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The Final Strategy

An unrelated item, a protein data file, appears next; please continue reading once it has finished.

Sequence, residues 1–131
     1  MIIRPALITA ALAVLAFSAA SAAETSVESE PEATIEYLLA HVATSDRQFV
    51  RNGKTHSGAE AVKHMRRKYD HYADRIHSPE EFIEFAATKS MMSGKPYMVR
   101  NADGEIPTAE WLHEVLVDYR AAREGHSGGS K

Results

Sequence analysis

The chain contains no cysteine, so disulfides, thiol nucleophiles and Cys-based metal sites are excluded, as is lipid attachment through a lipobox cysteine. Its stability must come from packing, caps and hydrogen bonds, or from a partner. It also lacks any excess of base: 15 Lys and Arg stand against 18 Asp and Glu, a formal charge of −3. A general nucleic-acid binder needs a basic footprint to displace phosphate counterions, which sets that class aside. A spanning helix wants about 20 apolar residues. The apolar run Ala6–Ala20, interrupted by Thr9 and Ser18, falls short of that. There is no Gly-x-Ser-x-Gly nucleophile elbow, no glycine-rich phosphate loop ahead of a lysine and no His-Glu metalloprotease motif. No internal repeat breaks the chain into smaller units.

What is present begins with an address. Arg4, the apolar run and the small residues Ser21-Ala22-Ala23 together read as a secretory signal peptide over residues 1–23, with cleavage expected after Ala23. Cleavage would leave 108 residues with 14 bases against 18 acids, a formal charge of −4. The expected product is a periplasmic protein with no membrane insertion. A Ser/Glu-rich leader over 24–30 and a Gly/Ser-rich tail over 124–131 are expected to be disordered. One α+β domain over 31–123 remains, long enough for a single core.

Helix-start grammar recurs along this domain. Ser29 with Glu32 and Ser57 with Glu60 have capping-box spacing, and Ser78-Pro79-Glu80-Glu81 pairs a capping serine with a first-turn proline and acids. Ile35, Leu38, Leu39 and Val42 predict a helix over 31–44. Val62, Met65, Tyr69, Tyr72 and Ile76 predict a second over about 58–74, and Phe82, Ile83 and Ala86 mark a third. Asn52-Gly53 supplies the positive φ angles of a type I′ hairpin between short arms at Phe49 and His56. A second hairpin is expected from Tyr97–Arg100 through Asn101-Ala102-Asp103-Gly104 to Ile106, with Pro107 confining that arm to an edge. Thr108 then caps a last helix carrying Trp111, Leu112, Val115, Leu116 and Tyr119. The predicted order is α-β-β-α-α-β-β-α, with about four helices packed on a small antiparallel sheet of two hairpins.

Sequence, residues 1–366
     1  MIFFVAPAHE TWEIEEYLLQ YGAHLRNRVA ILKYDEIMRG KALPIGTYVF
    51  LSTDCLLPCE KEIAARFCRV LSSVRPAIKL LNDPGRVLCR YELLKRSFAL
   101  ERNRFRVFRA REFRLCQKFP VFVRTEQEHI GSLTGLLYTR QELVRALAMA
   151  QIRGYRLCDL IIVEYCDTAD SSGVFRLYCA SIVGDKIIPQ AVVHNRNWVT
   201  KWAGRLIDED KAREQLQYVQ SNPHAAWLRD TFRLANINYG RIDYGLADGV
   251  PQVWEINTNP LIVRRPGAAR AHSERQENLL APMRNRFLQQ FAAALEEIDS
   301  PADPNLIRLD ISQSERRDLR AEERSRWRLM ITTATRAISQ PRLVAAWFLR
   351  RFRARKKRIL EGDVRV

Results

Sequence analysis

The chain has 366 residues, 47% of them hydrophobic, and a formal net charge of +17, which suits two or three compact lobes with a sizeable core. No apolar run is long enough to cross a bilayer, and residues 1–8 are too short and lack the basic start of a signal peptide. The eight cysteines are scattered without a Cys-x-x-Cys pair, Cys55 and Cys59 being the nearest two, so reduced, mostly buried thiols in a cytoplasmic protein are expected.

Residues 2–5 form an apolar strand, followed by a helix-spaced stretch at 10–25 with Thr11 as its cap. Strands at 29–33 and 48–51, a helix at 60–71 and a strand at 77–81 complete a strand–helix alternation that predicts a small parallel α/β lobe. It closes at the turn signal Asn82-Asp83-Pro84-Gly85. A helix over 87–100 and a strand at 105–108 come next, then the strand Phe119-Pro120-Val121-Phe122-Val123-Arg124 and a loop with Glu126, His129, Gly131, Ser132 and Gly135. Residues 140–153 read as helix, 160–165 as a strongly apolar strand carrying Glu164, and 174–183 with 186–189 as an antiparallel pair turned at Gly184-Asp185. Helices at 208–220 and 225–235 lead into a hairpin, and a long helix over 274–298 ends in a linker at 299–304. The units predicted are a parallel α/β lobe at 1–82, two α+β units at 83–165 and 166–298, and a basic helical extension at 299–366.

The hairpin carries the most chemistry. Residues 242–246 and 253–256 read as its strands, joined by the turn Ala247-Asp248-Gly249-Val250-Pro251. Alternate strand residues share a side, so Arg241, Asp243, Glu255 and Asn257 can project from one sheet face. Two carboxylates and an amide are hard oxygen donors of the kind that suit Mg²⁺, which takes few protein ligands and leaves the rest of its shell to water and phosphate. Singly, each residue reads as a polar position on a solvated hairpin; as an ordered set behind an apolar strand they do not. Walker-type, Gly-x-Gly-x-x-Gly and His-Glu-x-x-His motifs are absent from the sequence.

Weft 1In the end, I decided to combine the spinning Flemish twist with a very simple weave called twining.  Typically, weaving is done by working one material (called the weft) through another, stationary, material (called the warp).  By combining the twining weave with the Flemish twist, two wefts would be twisting, moving around each other, and moving through a series of stationary warps.  The wefts would begin as twisted bundles of flax and 34-gauge gold wire, with the flax eventually tapering out and being replaced in the bundle by ostrich herl.  The warps would be twisted 26-gauge gold wire.  The wefts would begin all the way at the back of the necklace chain, attached to the clasps.  They would begin as nearly pure flax, but the flax would slowly taper out and be replaced by gold wire spliced into the strands.  Each half of the chain would eventually meet the other and twist together into a single chain, enveloping the front of the hook as ostrich herl was incorporated.  The warps would be attached at the head of the fly and would twist in the opposite direction.  Where the wefts met the warps, they would be split into smaller strands that would envelop the warps.  The interlocking wefts and warps would form a durable exoskeleton on the fly, finally reaching the tail where they would flare out and give way to the grain-head tips of the ostrich herl.  The weaving exoskeleton would envelop an interior made of the ostrich herl wrapped with 25-micron gold wire.

 

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